Accepting the prestigious German whistleblower prize, Edward Snowden declared in a statement, read by internet activist and journalist Jacob Appelbaum at an acceptance ceremony over the weekend, that it is not he—but the public—who deserves the “greater reward and recognition.”
“[This] belongs to the individuals and organizations in countless countries around the world who shattered boundaries of language and geography to stand together in defense of the public right to know and the value of our privacy,” the statement reads.
The award, granted every two years since 1999 by the Federation of German Scientists, the International Association Of Lawyers Against Nuclear Arms, and Transparency International, honors individuals who “reveal major grievances and dangerous developments for individuals and society, for peace and the environment in the public interest.”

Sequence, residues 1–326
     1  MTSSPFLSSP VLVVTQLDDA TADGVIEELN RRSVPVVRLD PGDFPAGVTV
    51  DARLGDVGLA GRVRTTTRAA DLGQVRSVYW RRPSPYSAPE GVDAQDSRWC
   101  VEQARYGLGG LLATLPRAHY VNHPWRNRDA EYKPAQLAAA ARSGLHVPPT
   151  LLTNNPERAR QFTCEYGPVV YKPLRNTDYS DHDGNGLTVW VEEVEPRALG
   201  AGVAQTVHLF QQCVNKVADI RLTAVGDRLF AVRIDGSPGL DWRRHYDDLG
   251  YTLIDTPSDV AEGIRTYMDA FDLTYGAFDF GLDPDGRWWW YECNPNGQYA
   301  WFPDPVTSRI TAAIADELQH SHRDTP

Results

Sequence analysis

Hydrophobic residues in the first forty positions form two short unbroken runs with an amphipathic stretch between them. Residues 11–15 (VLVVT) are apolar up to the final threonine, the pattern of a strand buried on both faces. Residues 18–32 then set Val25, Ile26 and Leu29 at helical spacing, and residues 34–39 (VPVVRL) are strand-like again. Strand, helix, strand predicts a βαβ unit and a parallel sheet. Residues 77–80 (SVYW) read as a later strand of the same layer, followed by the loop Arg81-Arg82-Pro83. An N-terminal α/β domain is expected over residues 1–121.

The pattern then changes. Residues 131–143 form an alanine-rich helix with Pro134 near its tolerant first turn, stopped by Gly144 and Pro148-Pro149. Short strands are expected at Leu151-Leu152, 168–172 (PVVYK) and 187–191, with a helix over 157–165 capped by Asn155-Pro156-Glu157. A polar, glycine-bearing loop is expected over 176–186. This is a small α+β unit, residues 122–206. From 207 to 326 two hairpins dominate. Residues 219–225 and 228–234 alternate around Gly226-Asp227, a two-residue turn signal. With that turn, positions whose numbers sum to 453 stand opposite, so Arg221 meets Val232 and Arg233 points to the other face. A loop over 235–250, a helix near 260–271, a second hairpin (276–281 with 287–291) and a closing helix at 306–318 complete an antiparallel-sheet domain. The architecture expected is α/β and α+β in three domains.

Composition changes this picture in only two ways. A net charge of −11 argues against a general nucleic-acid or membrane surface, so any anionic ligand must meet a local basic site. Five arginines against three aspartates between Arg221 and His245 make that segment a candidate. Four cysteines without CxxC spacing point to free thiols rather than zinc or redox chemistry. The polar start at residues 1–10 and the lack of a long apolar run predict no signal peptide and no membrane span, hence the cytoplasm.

“[A]n open society needs civil courage and courageous people like Edward Snowden in order to uncover and stop abuses,” stated Hartmut Grassl of the Federation of German Scientists.
Supporters and colleagues flooded Snowden with praise as he received the award. “If I ran the committee, making the choice of who was to receive this award, it would take me probably one and a half seconds at most to have come to the conclusion that he is the only person deserving of the award this year,” declared journalist Glenn Greenwald in a video statement released Saturday.
SCROLL TO CONTINUE WITH CONTENT